In this post, I wanna start with the history, the background of the Syrian revolution. First of all, why I am writing this? What is so special about the Syrian revolution? Maybe, some of you might not have even heard about it. According to the latest data given by the UN, an estimated 93,000 people have been killed since the uprising begun, back in March,2011. The number is expected to be much higher, as most of the deaths go unaccounted for. The rate at which the people are dying, its shocking! 5,000 deaths are taking place in one month alone! 80% of the victims are men! Around 1.6 million people have fled the country since 2011 to neighboring countries in seek of a peaceful life. And in the coming posts I will tell you what these refugees face in the foreign land. Such an atrocious war, and countries like Russia, Iran and even China to some extent are helping the government.
So let’s see how it all began. In March, 2011, a group of teenagers painted revolutionary slogans on their school’s walls in the southern city of Deraa. They were then arrested and tortured. Security forces then open fired at a group who was marching against the arrest and torture, killing four people. Protesters also demanded the release of political prisoners. The next day, security forces shot at mourners who had gathered at the victims’ funerals, killing another person. Then, the government announced some conciliatory measures in order to damp down the unrest. By then, the protest has already spread to Damascus, Syria’s capital and then to the entire nation.
Apart from this, there are many other reasons which triggered the war:
*Bashar al-Assad became the President of Syria after the death of his father, Hafez, who had gained the power in a military coup in 1970. Bashar dashed hopes of reforms. Though, he did trigger reforms but then the pace went slow, if not reversed. Also, there was just one family, ruling the country since 1950s, and there was no peaceful transfer of power.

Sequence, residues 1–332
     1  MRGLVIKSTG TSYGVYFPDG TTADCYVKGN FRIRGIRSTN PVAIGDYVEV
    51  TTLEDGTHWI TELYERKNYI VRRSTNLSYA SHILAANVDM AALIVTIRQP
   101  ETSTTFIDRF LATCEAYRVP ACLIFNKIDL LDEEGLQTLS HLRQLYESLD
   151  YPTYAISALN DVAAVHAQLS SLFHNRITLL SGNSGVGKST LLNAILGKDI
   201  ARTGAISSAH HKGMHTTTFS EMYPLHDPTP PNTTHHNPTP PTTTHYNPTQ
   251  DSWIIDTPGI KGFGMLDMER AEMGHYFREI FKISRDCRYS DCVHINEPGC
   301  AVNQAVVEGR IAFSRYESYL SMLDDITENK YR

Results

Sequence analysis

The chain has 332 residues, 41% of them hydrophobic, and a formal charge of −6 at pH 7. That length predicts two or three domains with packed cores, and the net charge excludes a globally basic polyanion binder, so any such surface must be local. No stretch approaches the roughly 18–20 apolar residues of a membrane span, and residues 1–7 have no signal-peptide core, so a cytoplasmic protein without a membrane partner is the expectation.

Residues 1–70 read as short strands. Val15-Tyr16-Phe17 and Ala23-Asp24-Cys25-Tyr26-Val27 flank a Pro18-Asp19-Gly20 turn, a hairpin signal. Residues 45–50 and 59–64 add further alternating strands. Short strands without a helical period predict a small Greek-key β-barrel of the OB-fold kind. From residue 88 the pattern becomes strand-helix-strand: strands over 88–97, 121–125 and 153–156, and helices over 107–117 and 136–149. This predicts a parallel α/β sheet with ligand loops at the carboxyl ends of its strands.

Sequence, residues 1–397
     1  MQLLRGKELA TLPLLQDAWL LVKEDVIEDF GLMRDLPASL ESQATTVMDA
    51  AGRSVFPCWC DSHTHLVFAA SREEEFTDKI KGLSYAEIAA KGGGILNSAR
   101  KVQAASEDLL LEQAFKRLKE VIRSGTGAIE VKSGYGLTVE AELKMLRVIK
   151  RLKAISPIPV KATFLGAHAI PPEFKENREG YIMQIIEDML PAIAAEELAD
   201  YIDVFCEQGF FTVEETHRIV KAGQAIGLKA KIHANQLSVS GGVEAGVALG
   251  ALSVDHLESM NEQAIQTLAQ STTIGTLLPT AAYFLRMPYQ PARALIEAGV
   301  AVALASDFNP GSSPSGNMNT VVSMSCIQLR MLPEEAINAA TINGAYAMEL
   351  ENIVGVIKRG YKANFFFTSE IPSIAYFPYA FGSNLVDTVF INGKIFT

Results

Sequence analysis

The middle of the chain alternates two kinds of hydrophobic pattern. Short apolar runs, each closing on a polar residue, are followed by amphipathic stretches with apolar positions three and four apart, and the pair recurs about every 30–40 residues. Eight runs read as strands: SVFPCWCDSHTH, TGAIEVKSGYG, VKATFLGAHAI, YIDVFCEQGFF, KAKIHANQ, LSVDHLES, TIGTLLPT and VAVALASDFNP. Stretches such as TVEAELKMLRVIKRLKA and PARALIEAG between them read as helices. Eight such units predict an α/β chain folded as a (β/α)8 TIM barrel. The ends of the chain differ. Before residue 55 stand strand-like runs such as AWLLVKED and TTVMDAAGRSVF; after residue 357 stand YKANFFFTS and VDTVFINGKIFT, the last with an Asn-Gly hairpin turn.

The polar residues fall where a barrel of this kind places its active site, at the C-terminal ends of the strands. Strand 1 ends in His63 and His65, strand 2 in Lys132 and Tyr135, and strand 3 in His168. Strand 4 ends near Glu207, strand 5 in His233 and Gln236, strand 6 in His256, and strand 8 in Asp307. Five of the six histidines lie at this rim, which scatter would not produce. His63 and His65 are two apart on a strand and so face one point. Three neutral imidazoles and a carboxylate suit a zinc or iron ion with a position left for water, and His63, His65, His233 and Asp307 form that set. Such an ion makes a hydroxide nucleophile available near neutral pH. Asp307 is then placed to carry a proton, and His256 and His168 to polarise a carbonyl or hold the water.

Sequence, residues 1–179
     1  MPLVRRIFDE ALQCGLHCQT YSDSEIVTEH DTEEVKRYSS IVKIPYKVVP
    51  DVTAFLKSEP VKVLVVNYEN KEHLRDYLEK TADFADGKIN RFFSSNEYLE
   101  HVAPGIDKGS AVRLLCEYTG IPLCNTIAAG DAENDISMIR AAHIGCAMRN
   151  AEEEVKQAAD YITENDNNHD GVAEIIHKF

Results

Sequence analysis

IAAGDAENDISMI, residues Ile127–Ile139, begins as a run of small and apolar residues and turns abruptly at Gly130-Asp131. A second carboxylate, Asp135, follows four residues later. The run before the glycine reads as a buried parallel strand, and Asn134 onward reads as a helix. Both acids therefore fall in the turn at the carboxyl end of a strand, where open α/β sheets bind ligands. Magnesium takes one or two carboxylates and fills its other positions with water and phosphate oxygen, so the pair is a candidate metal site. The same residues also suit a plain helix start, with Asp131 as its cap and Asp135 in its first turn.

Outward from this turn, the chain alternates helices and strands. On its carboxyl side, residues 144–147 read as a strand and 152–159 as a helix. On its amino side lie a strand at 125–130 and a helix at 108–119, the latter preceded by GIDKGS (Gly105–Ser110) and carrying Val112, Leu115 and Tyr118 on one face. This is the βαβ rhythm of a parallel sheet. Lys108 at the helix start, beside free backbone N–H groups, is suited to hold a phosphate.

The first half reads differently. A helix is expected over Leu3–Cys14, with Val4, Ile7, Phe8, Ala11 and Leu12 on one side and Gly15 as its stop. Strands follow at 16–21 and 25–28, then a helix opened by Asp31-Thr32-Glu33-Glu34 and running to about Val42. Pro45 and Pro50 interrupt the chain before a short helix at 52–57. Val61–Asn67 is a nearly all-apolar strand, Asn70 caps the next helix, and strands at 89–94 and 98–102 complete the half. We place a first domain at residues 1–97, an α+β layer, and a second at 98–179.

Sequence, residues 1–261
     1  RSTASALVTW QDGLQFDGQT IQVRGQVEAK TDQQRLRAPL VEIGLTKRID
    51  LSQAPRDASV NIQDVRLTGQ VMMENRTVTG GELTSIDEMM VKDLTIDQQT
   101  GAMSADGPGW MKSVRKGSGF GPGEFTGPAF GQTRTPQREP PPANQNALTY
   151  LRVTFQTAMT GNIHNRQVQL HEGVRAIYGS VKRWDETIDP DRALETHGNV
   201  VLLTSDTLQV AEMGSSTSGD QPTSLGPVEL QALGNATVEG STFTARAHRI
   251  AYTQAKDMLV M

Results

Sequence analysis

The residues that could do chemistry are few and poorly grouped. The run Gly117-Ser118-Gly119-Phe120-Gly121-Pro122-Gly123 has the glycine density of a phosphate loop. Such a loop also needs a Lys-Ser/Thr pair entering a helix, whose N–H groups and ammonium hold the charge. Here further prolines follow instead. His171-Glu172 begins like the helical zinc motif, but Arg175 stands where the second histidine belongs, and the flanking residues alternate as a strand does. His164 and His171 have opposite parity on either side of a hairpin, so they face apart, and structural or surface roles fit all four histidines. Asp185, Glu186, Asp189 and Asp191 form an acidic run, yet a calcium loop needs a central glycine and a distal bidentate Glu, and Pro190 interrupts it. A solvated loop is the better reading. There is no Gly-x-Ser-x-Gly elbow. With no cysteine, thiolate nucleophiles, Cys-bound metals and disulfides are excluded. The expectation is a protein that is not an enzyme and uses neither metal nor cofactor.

*Syrian Baath Party is regarded as the founder of ‘Arab Socialism’. However, the Baathist ideology was reduced to an empty shell, following a war with Israel and a crippling economy. Assad tried to revive the economy by employing Chinese model of economic reform but remained unsuccessful.
*It is also said that Assad made policies which were favorable to his own family members or the people known to him. As a result of it, cost of living soured and unemployment also rose.
*In a crippling economy, what added fuel to the fire was the drought which hit the North-Eastern Syria, affecting many farming communities in 2008. No steps taken by the government to help the miserable plight of the farmers, also catalyzed the uprising.
*What made the problem all the more worse was the ever increasing population. The unproductive public sector and the struggling private sector found it difficult to accommodate thousands of people vying for jobs.
*The state of media in Syria was also deplorable. There was a tight control over the satellite TV, mobile phones and the internet which are the harbingers of change in any country.
*From opening a big business to a small shop, corruption was involved everywhere, in every sector. Those who had money or contacts would easily go on with their business, but the ones who had nothing were left helpless. The system is corrupt to this extent that anti-Assad forces buy arms from the government forces, and families bribe the government to release prisoners that have been detained during the uprising.
*State violence also escalated the uprising as the rate of funerals increased by leaps and bounds. Security forces went on killing civilians and it triggered more hatred for the Assad regime.
*Many say, the Syrian Uprising is not a civil war, but a SECTARIAN war. Syria is a country of 21 million people with a majority of Sunni muslims(74%) along with Alawites- a heterodox sect to which Assad belongs and Christians. Although Assad promotes secularism, the power is concentrated in the hands of members of his family, i.e. the Alawites. Whereas, the opposition party is strongest among the Sunni muslims.
*The Tunisia Effect- A street vendor in Tunisia, Mohamed Bouazizi, who self immolated himself, triggered a wave of anti-govermant uprising across the middle east. Al Jazeera broadcast live the uprising in Tunisia and Egypt. It made several Syrians aware of the fact that they, too, can do something like this and hence the uprising.
So, whether it is a Civil war, as we all know till now, or a Sectarian one, thousands of innocents are dying and thousands are forced to displace. Everyday, stories of innocent kids surface, some have lost their limbs, some have lost their eyes. Also, in a such a war prone country, rape and molestation are on a rise. Obama, in his speech during his first visit to the Palestine after becoming President for the second time said that the question is not that whether Assad will go or not. The question is when he will go?
So with this, I am signing off with my first post on a topic that is so dear to me, for the stories I hear everyday of the Syrians, I will again come up with another aspect of the revolution, touching upon the difficulties faced by the Syrians.